Based on the gaze results in Experiment 3, we investigated whether the characteristics found in JSs, in which visual speech did not benefit speech perception, were modifiable by an instruction to focus on the mouth. To test this, we used a McGurk effect paradigm. We presented incongruent AV stimuli (AVi) in addition to the congruent AV stimuli (AVc) used in the previously detailed three experiments. The participants were asked to decide what they perceived in one of two instruction conditions. The ‘instructed group’ were asked to pay attention to the mouth region during the test block while the ‘non-instructed group’ had no specific instructions regarding attention. Prior to the test block with the instruction manipulation, each group underwent a control block in which no specific instruction on attentional focus was given, the group was simply asked to ‘look at the speaker, listen to the sound, make a decision as to whether it was “ba”, “da”, or “ga”, and press one of the three buttons’.

The size of the visual influence was calculated as the difference in (auditory) error rate between the incongruent and congruent conditions (AVi−AVc) for each block. A two-way ANOVA (group × block) revealed that the two groups performed similarly irrespective of the difference in instructions in the second block (group; F (1, 34) = 0.28, p = 0.60, ηp2 = 0.0082, block; F (1, 34) = 2.14, p = 0.15, ηp2 = 0.06; interaction of group × block (F (1, 34) = 1.46, p = 0.24, ηp2 = 0.04) (upper panel on Fig. 5). As a result, the instruction to ‘look at the mouth’ did not increase the visual influence.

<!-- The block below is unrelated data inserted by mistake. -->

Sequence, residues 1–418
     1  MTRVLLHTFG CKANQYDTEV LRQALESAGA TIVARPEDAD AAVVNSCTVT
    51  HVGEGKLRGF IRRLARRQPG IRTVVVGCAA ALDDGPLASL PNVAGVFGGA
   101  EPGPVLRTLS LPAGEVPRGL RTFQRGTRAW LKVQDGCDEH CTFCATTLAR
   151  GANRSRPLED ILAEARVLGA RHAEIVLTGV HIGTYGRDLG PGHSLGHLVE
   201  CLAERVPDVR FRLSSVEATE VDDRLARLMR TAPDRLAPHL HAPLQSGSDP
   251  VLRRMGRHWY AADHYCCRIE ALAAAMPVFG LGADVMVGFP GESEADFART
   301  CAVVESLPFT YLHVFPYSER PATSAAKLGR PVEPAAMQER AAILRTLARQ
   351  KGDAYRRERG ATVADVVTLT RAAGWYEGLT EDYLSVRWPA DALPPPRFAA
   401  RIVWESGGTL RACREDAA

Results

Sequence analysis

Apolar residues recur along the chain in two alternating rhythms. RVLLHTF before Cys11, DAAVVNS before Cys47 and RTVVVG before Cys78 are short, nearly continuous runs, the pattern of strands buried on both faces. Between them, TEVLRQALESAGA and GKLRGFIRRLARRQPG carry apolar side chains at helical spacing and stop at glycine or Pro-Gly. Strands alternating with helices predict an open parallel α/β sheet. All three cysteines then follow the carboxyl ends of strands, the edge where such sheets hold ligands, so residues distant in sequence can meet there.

Figure 5

The upper panel shows the size of visual influence (difference in % visual influence, AVi−AVc) in each block.

The lower panel shows % looking time for the mouth in each block (from the movie onset to the audio onset). As indicated in the test block, the instruction to look at the mouth increased looking time for the mouth (lower panel), however, the instruction did not increase the visual influence (upper panel). AVi: audiovisually incongruent stimuli; AVc: audiovisually congruent stimuli.

For fixation data, we focused on a time window before the audio onset. Looking time for the mouth region before audio onset was analysed using a two-way ANOVA (group × block). This analysis showed a significant interaction between group × block (F (1, 34) = 9.28, p < 0.005, ηp2 = 0.21) indicating that there was no group difference in the control block (F (1, 34) = 2.09, p = 0.16, ηp2 = 0.06) and a significant difference in the test block. In the test block, the instructed group fixated on the mouth longer than the non-instructed group (F (1, 68) = 8.40, p < 0.01, ηp2 = 0.11), indicating that the instruction was successfully followed (lower panel on Fig. 5). Taken together, the instruction to focus eye gaze on the mouth increased the time spent looking at the mouth, but did not enhance the small visual influence seen in JSs.